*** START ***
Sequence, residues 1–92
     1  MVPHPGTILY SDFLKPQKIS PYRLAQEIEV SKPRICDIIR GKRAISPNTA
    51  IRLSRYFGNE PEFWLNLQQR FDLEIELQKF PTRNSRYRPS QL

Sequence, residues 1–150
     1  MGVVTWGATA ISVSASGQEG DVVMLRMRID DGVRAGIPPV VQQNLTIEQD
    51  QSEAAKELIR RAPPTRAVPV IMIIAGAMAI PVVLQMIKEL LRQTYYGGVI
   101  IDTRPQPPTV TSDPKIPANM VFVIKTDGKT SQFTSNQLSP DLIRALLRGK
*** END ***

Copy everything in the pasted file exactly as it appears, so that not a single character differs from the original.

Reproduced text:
Sequence, residues 1–92
     1  MVPHPGTILY SDFLKPQKIS PYRLAQEIEV SKPRICDIIR GKRAISPNTA
    51  IRLSRYFGNE PEFWLNLQQR FDLEIELQKF PTRNSRYRPS QL

Sequence, residues 1–150
     1  MGVVTWGATA ISVSASGQEG DVVMLRMRID DGVRAGIPPV VQQNLTIEQD
    51  QSEAAKELIR RAPPTRAVPV IMIIAGAMAI PVVLQMIKEL LRQTYYGGVI
   101  IDTRPQPPTV TSDPKIPANM VFVIKTDGKT SQFTSNQLSP DLIRALLRGK